Iris: That’s true, Kat! It’s a good angle to exam our lives. When people suffer unjustly, they can exam the whys they fight for, right?
Do you mind giving us some examples? I am sure you have seen all sorts of people and life styles, your observations would be a great reminder for our self-reflection. (I mean we all have our blind spots in life.)
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Re: BR2018-2: The Nightingale by Kristin Hannah

文章Iris Wu » 週日 8月 05, 2018 10:00 pm

07/30/18:
The Nightingale Notes (Kat)
I haven’t finished the book, but love the writing and the premise: the life choices confronting us
more often than not demonstrate the humanity that we all possess. And that war renders all involved as
victims.
The quote is pretty straightforward: If you have a reason or cause to strive for, an imperative that
overrides all other concerns, that gives your very existence true meaning, then you will find a way – or
any means necessary – to bear it all and see to your goal.

We can derive all sorts of implications from this basic assertion, of course. Is perseverance the
ultimate testament to one’s steadfastness in their convictions? Or all’s fair in love and war, so anything
is justified, not just aggression and ruthlessness on one side, but also the inaction, acquiescence, or
even the aiding and abetting on the other?

The book is brilliant in giving us two sharply contrasting characters (and many other minor ones)
in their own survival of war. For my money, the harder it is for the readers to favor or judge a particular
character, the more successful the author is in portraying the reality of war. There are clearly evil deeds,
but their circumstances and the driving forces behind them challenge those who are not there – in the
middle of the war and facing the same impossible choices – to outright condemn them.
For those of us who are enjoying life in relative peace and prosperity, it’s increasingly urgent to
pay attention to the mass injustice faced by too many around the world – from actual war zones and
police states to the most affluent societies – of oppressive inequality, invisible segregation, bigotry
against the minority. People at the bottom are ignored and ridiculed, even blamed, for the plight they’re
in: They must not have done enough, we decide. They could fight if they really wanted to. They
deserve the state they’re in. We all have to try hard, don’t we? I have, so why haven’t they?
The most dangerous crisis we’re facing is perhaps not any singular injustice but a diminishing
sense of unity and connection with our fellow human beings. I use the word “urgent” because we are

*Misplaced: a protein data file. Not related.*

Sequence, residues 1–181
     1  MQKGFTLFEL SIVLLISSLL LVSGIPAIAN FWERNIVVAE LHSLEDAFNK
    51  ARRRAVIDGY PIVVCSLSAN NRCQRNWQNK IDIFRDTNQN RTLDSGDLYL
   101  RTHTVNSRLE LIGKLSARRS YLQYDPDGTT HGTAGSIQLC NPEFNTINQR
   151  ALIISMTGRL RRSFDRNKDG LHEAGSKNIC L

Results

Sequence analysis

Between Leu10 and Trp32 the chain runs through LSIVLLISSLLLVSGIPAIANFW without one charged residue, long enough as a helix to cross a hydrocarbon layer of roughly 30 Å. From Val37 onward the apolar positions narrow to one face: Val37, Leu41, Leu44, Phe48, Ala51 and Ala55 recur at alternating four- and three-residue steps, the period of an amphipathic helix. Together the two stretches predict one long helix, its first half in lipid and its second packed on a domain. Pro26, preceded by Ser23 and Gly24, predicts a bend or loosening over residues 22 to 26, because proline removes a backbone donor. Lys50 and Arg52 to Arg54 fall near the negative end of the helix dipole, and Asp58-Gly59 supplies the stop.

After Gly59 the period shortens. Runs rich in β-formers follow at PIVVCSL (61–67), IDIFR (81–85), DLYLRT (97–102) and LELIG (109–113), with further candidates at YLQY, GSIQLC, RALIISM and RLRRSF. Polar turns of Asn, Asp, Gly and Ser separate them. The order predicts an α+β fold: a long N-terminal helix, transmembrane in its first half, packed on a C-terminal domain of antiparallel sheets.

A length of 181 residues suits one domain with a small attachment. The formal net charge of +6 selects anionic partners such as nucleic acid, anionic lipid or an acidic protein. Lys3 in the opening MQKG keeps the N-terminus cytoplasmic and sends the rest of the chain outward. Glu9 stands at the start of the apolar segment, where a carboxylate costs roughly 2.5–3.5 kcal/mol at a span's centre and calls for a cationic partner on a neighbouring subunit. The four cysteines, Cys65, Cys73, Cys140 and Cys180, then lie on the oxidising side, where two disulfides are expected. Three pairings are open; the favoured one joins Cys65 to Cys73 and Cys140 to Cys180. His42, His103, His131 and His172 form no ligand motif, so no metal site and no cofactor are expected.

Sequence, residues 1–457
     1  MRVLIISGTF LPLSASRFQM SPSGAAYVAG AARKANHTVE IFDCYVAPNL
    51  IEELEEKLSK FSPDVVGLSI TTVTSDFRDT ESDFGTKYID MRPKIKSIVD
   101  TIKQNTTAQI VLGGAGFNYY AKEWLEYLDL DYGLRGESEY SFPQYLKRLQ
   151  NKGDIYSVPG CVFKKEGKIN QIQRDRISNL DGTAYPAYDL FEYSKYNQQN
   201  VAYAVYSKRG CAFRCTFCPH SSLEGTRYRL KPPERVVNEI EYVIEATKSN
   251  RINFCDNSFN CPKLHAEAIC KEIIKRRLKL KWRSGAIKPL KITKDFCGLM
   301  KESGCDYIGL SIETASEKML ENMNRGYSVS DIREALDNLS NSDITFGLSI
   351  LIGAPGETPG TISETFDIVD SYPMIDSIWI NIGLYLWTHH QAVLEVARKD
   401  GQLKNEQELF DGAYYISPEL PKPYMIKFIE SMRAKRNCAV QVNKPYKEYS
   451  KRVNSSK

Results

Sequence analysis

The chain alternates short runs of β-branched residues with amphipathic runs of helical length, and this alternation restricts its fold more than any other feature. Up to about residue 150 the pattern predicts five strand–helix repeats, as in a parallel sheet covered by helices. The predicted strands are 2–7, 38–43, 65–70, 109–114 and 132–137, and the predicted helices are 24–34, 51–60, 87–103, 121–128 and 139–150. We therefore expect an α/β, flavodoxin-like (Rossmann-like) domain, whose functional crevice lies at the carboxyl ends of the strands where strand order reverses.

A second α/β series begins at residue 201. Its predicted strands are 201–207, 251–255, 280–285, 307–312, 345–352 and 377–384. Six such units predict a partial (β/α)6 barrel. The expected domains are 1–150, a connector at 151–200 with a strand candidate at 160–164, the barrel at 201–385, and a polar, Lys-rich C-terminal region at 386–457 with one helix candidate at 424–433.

indeed riding on the same Titanic. It may be true poetic justice that the whole world is tied together by
a shared fate. No one is safe from a dictatorship, a refugee status, a disaster manmade or natural. Many
have found their lives turned upside-down in just days or months, or by one single political event.
Sooner or later we’d all be there, facing life’s final question: should we fight to our death, or live
no better than a dead?
There. :) It’s a book about war so I simply went with the toughest questions. I was just in Berlin
talking to friends about their refugee integration, with all the challenges entailed. And to my Israeli
friends, about the Palestinian struggle. This book, I guess, in such a setting becomes more interesting to
me than just a good read. More sobering, and in a good way.
Iris Wu
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Re: BR2018-2: The Nightingale by Kristin Hannah

文章Iris Wu » 週日 8月 05, 2018 10:03 pm

07/31/18:
Iris: Thank you for the write-up, Kat!
To get through the comments and think all the questions you raised is a hard nut to crack! :)

First, I like the way you summarize the premise of the story. Staying put without awakening our basic humanity sometimes is even harder, especially in the war zone or wherever we simply cannot turn our eyes away from human sufferings.

Nietzsche’s quote is crystal clear, but, as you said, we can derive all sorts of implications from it. My previous question, “People who cannot bear any hardship or challenges do not have a why to live for.” was a logically contrapositive statement (if A then B  If Not B then Not A). No wonder Rock seems to agree with it.
It is easier to think perseverance is a virtue, a success factor in pursuing a goal, but in terms of philosophy of life, I am not sure if perseverance is the ultimate testament or everything is justified. Sometimes we believe in Buddhism’s teachings: not to be too perseverant (執著), realizing when we should let go or even surrender.

The comments about the book can be subjective. We can analyze and interpret certain messages that the author implies in the stories, but how good the author conveys these messages and how well he/she depicts the plots and characters can be received very differently. We respect all the comments and critics during the book reading process.